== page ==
Jump to content

Swiss Role


 Share

Recommended Posts

Hi All

One point that has often intrigued me re the Great War is ; What battles and engagements (if any) took place in the immediate vicinity of the Swiss Border ? 

Was the war there as intense as on the other parts of the Front...or was it relatively calm ?

Were there any massive artillery bombardments and fierce aerial combats here ?

And were there any instances of incursions (accidental or otherwise) into Swiss territory ?  If so, how did the Swiss monitor or control this edge of the Line ?

Hoping someone can clarify these points. Regards Jeff

Link to comment
Share on other sites

:-(

 

I thopught this would be about cake :-(

Just a facetious pun.....sorry.

Re the "go figure" retort...that's just what I thought I was doing !  I just needed a little help that's all.

Anyway gentlemen, very many thanks for your replies (and the link)...much appreciated I assure you. Regards Jeff

Link to comment
Share on other sites

 

Re the "go figure" retort...that's just what I thought I was doing !  I just needed a little help that's all.

. Regards Jeff

Not a retort aimed at you.... I just find it hilarious that a neutral country can do a mega series of books on their part in a war they did not take part in.... it really has more volumes than the German history!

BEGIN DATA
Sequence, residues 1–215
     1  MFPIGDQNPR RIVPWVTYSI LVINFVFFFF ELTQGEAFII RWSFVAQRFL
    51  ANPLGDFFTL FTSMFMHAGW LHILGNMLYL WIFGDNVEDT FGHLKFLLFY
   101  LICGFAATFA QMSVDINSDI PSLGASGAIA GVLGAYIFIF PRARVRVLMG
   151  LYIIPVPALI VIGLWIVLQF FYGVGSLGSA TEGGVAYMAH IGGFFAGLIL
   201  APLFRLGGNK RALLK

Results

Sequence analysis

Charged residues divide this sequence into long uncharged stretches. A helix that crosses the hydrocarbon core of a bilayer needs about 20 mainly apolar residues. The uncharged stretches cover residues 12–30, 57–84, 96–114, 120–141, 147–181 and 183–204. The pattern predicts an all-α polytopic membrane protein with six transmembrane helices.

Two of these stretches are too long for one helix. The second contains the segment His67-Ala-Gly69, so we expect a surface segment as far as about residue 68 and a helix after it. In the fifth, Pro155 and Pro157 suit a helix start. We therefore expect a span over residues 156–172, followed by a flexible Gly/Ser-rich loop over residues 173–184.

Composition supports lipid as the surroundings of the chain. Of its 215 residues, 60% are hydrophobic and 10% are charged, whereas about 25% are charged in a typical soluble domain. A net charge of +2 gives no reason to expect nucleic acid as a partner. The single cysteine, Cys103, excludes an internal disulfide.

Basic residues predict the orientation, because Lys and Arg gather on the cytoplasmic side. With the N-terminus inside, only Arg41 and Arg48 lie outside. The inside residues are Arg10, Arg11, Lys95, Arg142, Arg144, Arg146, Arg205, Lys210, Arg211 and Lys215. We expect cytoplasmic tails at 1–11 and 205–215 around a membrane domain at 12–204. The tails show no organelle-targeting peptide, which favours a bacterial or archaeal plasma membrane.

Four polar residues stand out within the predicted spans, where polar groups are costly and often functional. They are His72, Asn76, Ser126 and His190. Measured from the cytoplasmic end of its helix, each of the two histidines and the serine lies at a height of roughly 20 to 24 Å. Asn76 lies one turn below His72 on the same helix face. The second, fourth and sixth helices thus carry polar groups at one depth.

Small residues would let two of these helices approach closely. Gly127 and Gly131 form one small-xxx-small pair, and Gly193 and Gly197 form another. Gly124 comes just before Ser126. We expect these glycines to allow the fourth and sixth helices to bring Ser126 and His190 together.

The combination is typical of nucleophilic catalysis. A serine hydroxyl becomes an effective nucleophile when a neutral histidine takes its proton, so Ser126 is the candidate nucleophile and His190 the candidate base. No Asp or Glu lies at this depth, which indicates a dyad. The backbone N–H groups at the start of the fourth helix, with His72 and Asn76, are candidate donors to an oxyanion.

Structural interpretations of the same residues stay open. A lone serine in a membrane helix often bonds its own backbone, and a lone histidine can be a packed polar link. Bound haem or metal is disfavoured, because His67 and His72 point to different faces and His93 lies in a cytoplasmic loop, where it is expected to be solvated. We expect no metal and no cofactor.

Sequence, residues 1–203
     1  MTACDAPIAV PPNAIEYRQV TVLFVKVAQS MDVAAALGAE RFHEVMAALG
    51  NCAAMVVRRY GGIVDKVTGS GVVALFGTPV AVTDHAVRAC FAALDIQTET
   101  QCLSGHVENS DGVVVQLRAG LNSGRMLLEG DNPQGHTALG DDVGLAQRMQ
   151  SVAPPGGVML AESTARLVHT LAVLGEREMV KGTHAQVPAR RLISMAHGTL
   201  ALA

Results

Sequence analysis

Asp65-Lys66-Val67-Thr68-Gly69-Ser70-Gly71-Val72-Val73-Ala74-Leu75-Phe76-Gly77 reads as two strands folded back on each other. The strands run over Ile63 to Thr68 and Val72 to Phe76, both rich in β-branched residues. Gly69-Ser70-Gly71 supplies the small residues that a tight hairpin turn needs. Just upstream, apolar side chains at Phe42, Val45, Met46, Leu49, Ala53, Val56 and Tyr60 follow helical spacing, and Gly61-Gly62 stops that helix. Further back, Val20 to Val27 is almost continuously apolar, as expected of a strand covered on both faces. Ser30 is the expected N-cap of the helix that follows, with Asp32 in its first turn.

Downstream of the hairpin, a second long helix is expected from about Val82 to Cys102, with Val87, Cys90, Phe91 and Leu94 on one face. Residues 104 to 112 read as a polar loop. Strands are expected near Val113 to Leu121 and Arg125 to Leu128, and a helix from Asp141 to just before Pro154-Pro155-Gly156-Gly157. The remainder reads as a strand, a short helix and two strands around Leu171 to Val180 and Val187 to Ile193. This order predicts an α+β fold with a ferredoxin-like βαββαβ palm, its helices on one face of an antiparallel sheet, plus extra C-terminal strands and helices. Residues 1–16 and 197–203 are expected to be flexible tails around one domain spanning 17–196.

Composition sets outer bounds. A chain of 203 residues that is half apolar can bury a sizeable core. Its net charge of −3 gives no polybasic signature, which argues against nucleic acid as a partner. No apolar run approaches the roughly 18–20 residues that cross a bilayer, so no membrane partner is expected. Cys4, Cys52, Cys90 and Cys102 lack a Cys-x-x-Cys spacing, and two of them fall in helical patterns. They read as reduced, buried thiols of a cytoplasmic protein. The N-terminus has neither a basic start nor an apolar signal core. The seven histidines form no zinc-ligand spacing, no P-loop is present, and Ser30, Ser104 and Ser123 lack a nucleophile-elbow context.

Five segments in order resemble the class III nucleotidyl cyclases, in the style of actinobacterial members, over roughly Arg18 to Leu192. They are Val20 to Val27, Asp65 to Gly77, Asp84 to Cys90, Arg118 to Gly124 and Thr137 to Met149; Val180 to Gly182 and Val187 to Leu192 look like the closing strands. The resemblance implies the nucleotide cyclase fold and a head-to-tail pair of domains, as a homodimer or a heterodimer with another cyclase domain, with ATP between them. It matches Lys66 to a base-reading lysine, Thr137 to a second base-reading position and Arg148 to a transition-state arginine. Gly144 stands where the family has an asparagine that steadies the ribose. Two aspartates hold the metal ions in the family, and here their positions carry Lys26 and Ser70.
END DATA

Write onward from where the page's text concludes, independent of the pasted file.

Link to comment
Share on other sites

Sorry Chris, I should learn not to be so "touchy".  My apologies.

Yes, I would imagine it might be a bit tricky in the heat of an aerial combat to ensure one didn't drift off over the Swiss border, and as for the odd stray shell (or gas attack) impinging on neutral territory, I guess that would be quite a worry for both sides too !

I can see I will have to try and locate some of these Swiss tomes to see if I can learn more about this very unusual and complex situation. Many thanks once again to both of you. Regards Jeff

Link to comment
Share on other sites

Join the conversation

You can post now and register later. If you have an account, sign in now to post with your account.

Guest
Reply to this topic...

×   Pasted as rich text.   Paste as plain text instead

  Only 75 emoji are allowed.

×   Your link has been automatically embedded.   Display as a link instead

×   Your previous content has been restored.   Clear editor

×   You cannot paste images directly. Upload or insert images from URL.

 Share

  • Blog Comments

    • As a theology student my professor, a much published former Naval chaplain, set us an essay, saying that if we could answer that successfully we would be guaranteed  a good degree "Which of the gospel writers was the biggest liar, discuss."   I got a good mark, but  don't want to be burned for heresy.   P
    • As my father used to say: "Tain't so much Pappy's a liar - he just remembers big."  
    • Brian: First, let me say that I always enjoy reading your blog and your "spot on" comments.  Another fine topic with such a broad expansion into so many different facets.  I had watched this a week or two ago and when reading your blog, it reminded me of this great quote.   There is a great video on the origins of "Who was Murphy in Murphy's Law"   Anyway, about mid way through this video, there is this great quote and I think it sums it up quite well to your statem
    • I've received word from the Curator that she has permission to re-open this summer.   We're already making plans for a November event at the Museum.   Michael
    • I recall I did the same on hot days at Old Fort York back in 1973-74 - wool uniforms, and at 90F they would let you take your backpack off.   Michael
×
×
  • Create New...